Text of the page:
By Rhonda Dredge
There are three stand-out stories in Growing Up in Australia, an anthology of first-person accounts by 32 Aussies.
The first is Tourism by Benjamin Law, perhaps the most talented storyteller in the mix.
For the book is making the point that there is no such thing as a “proper” childhood and the Law family’s obsession with theme parks fits the bill.
The second standout story is Easter, 1969 by Katie Bryan, with the best and the most painful material.
Perhaps it is the recognition of these painful moments of difference in childhood that turn us into adults.
The third standout story is Wei-Lei and Me by Aditi Gouvernal, with its brilliant eye for cultural difference and her ability to shape the difference between the grandeur of New Dehli and the brown hills of Canberra into a dramatic tale.
There are accounts by people with overbearing fathers, deformed spines, breast cancer in teenagehood and forced riding lessons but nothing beats Gouvernal’s account of her beating a tormenter over the head with a cricket bat.
Law is a comedian and screenwriter whose series New Gold Mountain has just been shown on SBS, Bryan is of indigenous descent from Western Australia and Gouvernal is from Mumbai and working on a novel in the United States.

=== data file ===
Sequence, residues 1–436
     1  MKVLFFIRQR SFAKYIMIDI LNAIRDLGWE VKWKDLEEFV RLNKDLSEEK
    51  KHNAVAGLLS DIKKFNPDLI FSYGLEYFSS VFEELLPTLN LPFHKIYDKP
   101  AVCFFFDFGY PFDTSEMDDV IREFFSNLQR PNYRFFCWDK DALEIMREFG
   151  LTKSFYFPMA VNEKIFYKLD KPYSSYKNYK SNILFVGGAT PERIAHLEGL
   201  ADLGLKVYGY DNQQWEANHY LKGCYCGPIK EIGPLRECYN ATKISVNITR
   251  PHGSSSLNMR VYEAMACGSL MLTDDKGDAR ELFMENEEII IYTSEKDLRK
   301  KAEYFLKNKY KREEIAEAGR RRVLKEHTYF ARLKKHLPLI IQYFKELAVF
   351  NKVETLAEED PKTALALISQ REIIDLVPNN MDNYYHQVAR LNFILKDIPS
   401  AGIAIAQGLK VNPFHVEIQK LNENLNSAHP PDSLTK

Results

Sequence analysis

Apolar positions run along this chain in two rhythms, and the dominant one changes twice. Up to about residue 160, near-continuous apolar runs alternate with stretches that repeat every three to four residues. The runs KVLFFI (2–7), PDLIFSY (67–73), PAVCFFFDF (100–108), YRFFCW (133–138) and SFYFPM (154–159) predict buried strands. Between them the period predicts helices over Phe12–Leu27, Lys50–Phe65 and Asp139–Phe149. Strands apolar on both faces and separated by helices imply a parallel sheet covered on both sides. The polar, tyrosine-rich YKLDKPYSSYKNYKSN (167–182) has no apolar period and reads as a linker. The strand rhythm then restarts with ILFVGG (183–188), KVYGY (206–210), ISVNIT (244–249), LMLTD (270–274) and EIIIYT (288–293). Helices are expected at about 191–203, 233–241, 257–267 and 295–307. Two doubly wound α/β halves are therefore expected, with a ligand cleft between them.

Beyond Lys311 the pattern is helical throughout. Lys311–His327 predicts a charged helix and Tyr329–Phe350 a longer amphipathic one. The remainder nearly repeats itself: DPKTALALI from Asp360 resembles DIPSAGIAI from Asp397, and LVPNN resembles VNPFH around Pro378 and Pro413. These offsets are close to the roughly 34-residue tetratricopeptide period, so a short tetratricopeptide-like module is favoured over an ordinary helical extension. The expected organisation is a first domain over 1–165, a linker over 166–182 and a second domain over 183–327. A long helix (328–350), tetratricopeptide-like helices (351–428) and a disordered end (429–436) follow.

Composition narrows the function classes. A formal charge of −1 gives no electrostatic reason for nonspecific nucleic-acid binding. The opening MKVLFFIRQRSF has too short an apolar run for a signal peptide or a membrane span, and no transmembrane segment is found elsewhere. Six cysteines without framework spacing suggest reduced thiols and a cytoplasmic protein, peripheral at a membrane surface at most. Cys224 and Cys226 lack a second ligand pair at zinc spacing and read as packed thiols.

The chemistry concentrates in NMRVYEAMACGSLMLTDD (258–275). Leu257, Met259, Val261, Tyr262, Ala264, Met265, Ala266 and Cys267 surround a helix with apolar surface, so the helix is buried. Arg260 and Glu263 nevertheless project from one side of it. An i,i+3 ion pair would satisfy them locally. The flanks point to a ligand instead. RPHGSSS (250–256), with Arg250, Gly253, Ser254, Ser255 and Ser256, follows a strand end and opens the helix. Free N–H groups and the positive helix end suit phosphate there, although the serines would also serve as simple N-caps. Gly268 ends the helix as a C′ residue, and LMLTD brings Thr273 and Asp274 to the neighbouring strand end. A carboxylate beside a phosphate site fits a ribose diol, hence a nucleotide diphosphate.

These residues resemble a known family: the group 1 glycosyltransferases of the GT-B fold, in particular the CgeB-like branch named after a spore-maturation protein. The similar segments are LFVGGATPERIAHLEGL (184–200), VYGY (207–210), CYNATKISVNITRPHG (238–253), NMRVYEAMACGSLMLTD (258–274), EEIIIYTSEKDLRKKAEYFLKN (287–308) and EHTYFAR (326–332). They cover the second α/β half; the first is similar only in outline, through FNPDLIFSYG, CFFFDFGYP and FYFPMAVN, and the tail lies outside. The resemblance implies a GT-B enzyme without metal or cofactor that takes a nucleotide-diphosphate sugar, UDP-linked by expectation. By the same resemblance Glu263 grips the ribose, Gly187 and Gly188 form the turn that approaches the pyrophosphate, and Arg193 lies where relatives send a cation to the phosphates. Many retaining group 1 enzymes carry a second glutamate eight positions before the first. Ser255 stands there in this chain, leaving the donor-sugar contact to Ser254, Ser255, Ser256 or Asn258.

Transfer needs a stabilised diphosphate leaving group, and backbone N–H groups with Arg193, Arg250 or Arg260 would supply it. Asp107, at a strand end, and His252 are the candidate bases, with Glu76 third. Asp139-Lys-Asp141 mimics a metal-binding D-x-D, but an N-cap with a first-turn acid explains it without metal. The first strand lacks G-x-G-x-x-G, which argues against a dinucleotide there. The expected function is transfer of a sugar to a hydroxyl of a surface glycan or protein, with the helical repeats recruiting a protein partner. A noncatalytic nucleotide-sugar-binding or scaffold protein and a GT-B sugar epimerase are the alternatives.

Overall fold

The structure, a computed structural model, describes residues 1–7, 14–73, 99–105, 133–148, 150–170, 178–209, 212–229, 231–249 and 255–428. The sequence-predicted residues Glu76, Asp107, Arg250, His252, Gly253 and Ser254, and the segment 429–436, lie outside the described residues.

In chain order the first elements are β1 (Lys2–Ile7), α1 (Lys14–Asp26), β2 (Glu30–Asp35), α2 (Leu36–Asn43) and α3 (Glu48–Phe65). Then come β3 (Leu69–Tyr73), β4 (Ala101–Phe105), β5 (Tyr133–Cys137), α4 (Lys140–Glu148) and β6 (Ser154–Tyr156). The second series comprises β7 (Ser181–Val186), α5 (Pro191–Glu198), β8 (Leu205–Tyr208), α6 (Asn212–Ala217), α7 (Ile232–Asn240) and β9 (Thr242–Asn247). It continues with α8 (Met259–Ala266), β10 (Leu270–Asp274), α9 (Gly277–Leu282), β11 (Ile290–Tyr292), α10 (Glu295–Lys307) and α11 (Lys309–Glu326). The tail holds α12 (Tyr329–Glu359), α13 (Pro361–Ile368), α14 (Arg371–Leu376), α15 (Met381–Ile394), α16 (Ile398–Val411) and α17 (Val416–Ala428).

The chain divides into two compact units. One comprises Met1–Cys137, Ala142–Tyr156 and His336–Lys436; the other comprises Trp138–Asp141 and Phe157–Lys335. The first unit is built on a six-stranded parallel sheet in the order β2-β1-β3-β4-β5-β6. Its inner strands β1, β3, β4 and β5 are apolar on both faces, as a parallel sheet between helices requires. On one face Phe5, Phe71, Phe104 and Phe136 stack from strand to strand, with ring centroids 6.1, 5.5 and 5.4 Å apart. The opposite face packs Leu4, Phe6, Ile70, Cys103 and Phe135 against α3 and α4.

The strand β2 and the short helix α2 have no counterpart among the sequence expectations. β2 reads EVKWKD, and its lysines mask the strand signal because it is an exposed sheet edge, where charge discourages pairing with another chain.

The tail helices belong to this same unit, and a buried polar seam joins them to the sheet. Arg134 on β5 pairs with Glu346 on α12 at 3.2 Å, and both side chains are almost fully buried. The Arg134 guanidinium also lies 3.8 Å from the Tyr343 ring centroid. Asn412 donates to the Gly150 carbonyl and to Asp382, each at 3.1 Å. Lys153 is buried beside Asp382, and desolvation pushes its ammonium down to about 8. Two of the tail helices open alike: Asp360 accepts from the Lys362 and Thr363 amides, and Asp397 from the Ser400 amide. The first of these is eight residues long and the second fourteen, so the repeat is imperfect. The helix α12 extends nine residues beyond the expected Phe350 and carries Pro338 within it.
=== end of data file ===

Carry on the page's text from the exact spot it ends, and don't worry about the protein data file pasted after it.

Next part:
The challenge for the reader is to find a common thread in the narration and it appears to be that the prevailing culture in Australia is (or was) of British descent and repressed.
Bryan’s mum kept her away from her fun-loving relatives, preferring her to visit a respectable “old stick” on a nearby station and Easter, 1969 tells of the excruciating lengths her father went to keep her mother from knowing about his indigenous roots.
The sheer truth of the pain in Easter, 1969 is quite difficult for the reader to bear.
This is the seventh in the Growing Up in Australia anthologies released by Blank Inc and in Wei-Lei and Me, the narrator sums it up.
“At night we would sit on scrappy vinyl-covered chairs in a bar called The Phoenix and after a couple of beers, rant about how we hated homogeneity and longed for difference. We had become what we thought we would never be: Australian.” •